Up on the cliffs in St Agnes sits an old tin mine. Its chimney stands tall against the otherwise stark coastline that dips and swerves its way along the Atlantic Ocean. The workshops around the chimney house the surf brand, Finisterre.
The brand, which has become an international name, isn’t just concerned with making clothes. Sustainability and a desire to promote healthy oceans is embedded in their ethos. It’s that desire that drove founder Tom Kay to create and launch Sea7 – the first online ocean activist training camp. During the second wave of the pandemic, when the country was forced into lockdown, Tom and his team set about organising a day of workshops, talks and discussions to be broadcast from the company’s base in St Agnes to participants across the world.
The event took place on a windy, overcast Thursday in June as world leaders began to gather in Cornwall for the G7 summit, taking place just down the coast in St Ives. The summit set out to form a cohesive plan between some of the world’s biggest economies and powers for building back from the Coronavirus pandemic and to tackle the growing climate crisis as we barrel towards the IPCC’s 2030 deadline. Finisterre issued seven demands for the G7, centred around stopping damage to the ocean, protecting, managing and restoring the ocean and calling on world leaders to usher in a decade of global ocean action.
Ocean health has been declining rapidly over previous decades. In 2004, scientists counted 146 hypoxic zones (areas of such low oxygen concentration that animal life suffocates and dies) in the world’s oceans. By 2008, that number had jumped to 405. In 2017, in the Gulf of Mexico, oceanographers detected a deadzone nearly the size of New Jersey – the largest ever measured. Atop the ocean, giant patches of rubbish float, the largest being the great Pacific garbage patch which measures twice the size of Texas. Half the air we breathe comes from the ocean, so the shocking rates of pollution threaten our very existence on this planet.
Surfers have long been at the forefront of the fight to save our oceans. No more so than organisation Surfers Against Sewage (SAS), who were brought in by Tom and the team to help curate Sea7.
“Against Sewage has been doing ocean activism for thirty years, across a range of issues, so we were delighted to bring our experience to the table to help our friends at Finisterre,” said Hugo Tagholm, chief executive of SAS, speaking at the event. “My team here at SAS has been driving incredible impact and change, so it’s always good to share the stories of how activism happens. We proudly empower over 100,000 ocean activists annually, and reach millions with our campaigns, which has led to some big wins for the ocean. Sitting alongside other organisations to discuss and reflect on the ways to create change is always an inspiring exercise.”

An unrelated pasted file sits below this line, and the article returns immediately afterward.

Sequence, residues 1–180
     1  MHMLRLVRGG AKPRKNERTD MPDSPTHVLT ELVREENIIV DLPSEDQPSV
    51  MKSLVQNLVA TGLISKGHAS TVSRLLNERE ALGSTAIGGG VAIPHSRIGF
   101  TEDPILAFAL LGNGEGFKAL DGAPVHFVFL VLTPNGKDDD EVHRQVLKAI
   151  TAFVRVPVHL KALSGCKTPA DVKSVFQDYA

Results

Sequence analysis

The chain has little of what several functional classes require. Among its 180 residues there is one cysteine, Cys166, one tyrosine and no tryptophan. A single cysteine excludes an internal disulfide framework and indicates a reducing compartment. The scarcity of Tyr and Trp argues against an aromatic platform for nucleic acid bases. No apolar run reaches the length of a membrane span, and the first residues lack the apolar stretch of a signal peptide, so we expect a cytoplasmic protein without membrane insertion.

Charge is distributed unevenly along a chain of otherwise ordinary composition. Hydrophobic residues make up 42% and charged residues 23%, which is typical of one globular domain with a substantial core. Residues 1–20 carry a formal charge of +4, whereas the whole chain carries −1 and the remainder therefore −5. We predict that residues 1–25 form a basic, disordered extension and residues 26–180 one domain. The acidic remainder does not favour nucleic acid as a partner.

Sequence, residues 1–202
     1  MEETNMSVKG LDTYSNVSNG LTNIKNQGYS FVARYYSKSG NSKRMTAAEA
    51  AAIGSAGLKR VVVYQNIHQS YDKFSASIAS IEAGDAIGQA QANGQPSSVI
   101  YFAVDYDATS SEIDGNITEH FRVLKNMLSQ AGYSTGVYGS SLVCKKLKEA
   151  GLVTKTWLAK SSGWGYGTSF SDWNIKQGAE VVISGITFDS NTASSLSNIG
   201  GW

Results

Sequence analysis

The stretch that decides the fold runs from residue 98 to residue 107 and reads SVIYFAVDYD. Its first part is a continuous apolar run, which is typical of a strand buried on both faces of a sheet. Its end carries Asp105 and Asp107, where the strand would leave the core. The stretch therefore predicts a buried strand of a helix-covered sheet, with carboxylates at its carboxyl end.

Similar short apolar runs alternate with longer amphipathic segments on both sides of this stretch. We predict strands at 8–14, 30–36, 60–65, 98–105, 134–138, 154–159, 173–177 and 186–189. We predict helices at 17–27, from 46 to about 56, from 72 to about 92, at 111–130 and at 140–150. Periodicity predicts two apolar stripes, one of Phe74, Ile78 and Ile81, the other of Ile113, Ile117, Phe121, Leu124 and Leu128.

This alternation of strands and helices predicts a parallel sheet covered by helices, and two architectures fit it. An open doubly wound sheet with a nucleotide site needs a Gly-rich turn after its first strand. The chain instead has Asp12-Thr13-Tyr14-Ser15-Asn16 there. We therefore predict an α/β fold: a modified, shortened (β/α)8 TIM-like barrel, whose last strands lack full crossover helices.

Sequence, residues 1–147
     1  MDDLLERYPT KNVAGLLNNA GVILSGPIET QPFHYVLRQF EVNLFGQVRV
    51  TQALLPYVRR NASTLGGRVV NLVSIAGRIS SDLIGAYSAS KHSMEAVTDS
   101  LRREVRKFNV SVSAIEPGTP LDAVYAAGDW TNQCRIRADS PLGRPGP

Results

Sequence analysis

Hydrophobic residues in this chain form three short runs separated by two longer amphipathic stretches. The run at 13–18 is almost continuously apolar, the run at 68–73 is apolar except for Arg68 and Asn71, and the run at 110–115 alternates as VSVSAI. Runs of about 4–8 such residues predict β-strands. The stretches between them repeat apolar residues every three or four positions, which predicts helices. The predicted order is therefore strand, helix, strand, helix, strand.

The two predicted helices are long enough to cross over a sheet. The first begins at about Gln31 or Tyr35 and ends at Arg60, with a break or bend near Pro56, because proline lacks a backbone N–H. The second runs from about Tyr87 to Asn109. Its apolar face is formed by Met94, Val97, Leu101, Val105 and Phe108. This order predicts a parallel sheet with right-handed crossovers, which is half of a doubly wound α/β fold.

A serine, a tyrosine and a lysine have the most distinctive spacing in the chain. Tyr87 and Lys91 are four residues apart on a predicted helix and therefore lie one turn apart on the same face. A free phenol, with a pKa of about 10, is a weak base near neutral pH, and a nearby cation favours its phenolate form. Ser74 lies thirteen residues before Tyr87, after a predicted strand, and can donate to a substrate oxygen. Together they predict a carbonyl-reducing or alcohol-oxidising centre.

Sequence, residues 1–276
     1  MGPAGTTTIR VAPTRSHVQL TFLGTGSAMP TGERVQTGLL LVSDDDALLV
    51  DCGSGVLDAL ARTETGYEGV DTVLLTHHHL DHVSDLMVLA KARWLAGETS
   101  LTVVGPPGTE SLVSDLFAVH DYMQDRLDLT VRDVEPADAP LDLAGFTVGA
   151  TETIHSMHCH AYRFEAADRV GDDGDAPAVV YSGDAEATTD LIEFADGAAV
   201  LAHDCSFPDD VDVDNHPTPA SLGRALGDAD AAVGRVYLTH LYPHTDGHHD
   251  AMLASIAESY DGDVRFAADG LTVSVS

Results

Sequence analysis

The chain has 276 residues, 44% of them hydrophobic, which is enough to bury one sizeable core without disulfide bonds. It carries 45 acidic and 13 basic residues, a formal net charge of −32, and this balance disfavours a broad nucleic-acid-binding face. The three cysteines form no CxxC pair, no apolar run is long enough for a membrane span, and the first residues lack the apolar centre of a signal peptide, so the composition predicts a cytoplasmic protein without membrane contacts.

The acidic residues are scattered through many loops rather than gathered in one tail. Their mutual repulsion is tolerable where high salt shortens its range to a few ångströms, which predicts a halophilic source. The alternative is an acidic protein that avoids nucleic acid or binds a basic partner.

Richard Lily, also known as RJ, is the CEO of Project Seagrass. He says, “Today we’re seeing journalists, we’re seeing science communicators, we’re seeing scientists, social scientists, we’re seeing activists, we’re seeing a suite of different people, who are all coming together and having an opportunity to coalesce around this space and Finisterre are providing a platform for that.”
For RJ, Seagrass is one of the key ways in fighting emissions and devastating climate change. “One of the real benefits of restoring seagrass meadows around our coasts is it’s going to catch that carbon, draw it down and bury it in the sediments and it does that at quite a rate as well. And then there’s so many other benefits, too. That’s one of the reasons why we’ve been trying to put seagrass front and centre for the G7. In fact, we’ve actually just created a small film, specifically for the G7.”
Nick Hounsfield, chair of Surf England and founder of The Wave surf centre in Bristol, was also on the north coast of Cornwall for the event. He tells Huck: “I was asked to come along because I’m heavily involved in trying to connect people to what we call ‘blue health’, which is the way that people can be hugely benefited from being next to water, in water, by waves, and really trying to create that connection between the water and also human health.”
For Nick, the opportunity that Sea7 presents is huge, enabling activists to reach a whole new network of people. And he’s determined to spread his message even further: “What we also need to make sure is that we’re not just talking to the same people all of the time. I think a lot of that will come down to trying to engage with people who maybe aren’t ocean-minded. So how can we infiltrate inner city school kids for example, and make them have a connection, and want to protect it.”
The event, which saw thousands sign up to watch hours of workshops, debates and specially commissioned films lives online, free to access for all. The hope, says Tom Kay, is that the resources created for and by the event will enable activists and “anyone on any part of their journey” to take action for the planet.
As the G7 came and went from Cornwall, eyes moved up the country to Glasgow. In the centre of the Scottish city stands a clock, ticking down the minutes to 2030 – the deadline for when the world needs to lower carbon emissions to avoid devastating rises in global temperature. It’s due to be in place for the next 5 months in the run-up to COP26, the international climate summit which will be held in the city.
For many who attended Sea7, COP26 is the focus for the next few months, with activists hoping to pressure global leaders into making meaningful change. With instances of extreme weather on the rise and the sea literally burning, the conversations, skills and toolkits crafted at the training camp will be invaluable in preventing disaster.
To get involved and learn how you can help protect the oceans, the Sea7 toolkit and all sessions are available for free online here.